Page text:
You’ve pulled together a great group of sponsors and supporters for Hack Coworking. Can you tell us a little bit more about them?

Pauline: Sure! London being our first edition, we wanted to find a local community partner who could support us in building the event. We’ve found HubHub – a coworking brand from central Europe who recently opened their first space in London. As Dimitar mentioned earlier, we set up 3 tracks we believe will influence the workplace in the future: cities, spaces and people. When looking for sponsors, we’ve looked into companies who are innovating and impacting those 3 pillars. Thus, we partnered with:

  • HB Reavis – an international workspace provider with a mission to create personalised experiences through real estate and well-being solutions
  • SALTO Systems – One of the world’s top manufacturers of electronic access control systems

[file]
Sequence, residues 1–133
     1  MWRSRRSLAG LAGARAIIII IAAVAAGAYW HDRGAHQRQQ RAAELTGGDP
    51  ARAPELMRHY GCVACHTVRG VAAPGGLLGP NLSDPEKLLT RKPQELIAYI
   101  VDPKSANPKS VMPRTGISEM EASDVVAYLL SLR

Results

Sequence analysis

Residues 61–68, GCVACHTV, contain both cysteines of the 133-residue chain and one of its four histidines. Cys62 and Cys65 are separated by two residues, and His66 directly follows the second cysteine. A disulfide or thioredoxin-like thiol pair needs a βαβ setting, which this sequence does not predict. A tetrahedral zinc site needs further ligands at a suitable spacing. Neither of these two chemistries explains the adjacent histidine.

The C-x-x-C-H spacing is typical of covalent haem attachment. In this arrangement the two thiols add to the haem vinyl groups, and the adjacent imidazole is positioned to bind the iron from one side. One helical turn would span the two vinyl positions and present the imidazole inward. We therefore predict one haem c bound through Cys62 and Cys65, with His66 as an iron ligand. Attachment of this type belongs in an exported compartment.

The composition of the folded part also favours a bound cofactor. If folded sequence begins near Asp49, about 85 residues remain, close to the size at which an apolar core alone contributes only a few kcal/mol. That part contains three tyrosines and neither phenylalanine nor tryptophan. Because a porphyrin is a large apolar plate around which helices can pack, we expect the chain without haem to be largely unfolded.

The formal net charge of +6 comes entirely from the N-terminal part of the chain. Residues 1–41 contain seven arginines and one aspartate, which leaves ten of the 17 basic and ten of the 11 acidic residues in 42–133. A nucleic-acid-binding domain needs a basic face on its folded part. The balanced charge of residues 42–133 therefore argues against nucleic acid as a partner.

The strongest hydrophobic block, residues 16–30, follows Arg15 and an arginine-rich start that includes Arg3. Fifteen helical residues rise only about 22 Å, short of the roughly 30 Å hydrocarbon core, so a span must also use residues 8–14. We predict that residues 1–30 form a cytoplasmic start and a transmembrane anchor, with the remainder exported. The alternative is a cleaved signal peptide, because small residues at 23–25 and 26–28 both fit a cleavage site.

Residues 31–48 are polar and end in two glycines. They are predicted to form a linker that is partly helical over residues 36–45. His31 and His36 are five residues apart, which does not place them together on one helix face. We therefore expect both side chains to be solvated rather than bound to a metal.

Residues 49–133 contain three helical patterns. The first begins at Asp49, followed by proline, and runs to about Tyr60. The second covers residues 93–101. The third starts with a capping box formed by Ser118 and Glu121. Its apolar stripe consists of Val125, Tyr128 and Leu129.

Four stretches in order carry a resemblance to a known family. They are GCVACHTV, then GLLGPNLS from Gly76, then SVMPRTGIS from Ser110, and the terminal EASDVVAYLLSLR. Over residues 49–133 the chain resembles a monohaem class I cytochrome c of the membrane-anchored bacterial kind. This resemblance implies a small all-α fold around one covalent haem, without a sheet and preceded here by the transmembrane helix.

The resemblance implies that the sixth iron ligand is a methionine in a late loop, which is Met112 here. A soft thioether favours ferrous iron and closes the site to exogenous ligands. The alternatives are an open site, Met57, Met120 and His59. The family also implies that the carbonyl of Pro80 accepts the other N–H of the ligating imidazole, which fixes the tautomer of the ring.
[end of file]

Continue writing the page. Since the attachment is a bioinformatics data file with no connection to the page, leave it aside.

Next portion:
• Cobot – Management software for coworking spaces
  • Nook Pods – A mobile modular huddle pod, designed originally to help introverts and those on the autistic spectrum in the workplace
  • SiteGround – The leader of WordPress hosting in the world.

We should also mention all our community partners who have been of tremendous help in gathering the London community around our event!

How can people get involved with Hack Coworking Hackathon, and what should attendees expect?

Pauline: If some of you reading this article are interested in joining, hurry up and grab a ticket here! By joining, you can enter a chance to:

  1. Connect with amazing professionals.
  2. Enter a chance to win incredible cash and non-cash prizes, like 3 months of free coworking in London!
  3. Most importantly, have fun building new ideas that can lead to new opportunities.

After the Hackathon, what’s next for Coworkies? How can people follow your work and get involved?

Pauline: If you wish to follow our work with Coworkies, you can check our platform if you promote jobs in coworking spaces or if you are looking for one. Also check out our upcoming book: Around The World In 250 Coworking Spaces which gathers stories from 3 years of traveling to cities like Tokyo, New York, Bordeaux, Berlin, London, Delhi and many others. We will co-write it with coworking spaces we’ve met and you can already pre-order it on our website.

Thank you, Pauline and Dimitar!